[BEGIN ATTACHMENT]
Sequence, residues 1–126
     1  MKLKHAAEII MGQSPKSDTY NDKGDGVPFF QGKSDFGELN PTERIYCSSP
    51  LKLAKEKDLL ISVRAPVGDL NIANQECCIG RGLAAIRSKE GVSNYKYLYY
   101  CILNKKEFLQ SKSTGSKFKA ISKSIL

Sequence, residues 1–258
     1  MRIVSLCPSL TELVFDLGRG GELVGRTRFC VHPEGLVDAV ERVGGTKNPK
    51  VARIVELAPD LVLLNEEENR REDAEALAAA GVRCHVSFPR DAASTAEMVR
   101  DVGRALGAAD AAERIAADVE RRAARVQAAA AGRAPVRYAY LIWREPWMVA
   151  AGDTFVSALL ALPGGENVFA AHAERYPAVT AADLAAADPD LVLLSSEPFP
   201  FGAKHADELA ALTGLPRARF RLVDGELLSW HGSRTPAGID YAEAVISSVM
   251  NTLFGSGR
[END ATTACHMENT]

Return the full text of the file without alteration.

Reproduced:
Sequence, residues 1–126
     1  MKLKHAAEII MGQSPKSDTY NDKGDGVPFF QGKSDFGELN PTERIYCSSP
    51  LKLAKEKDLL ISVRAPVGDL NIANQECCIG RGLAAIRSKE GVSNYKYLYY
   101  CILNKKEFLQ SKSTGSKFKA ISKSIL

Sequence, residues 1–258
     1  MRIVSLCPSL TELVFDLGRG GELVGRTRFC VHPEGLVDAV ERVGGTKNPK
    51  VARIVELAPD LVLLNEEENR REDAEALAAA GVRCHVSFPR DAASTAEMVR
   101  DVGRALGAAD AAERIAADVE RRAARVQAAA AGRAPVRYAY LIWREPWMVA
   151  AGDTFVSALL ALPGGENVFA AHAERYPAVT AADLAAADPD LVLLSSEPFP
   201  FGAKHADELA ALTGLPRARF RLVDGELLSW HGSRTPAGID YAEAVISSVM
   251  NTLFGSGR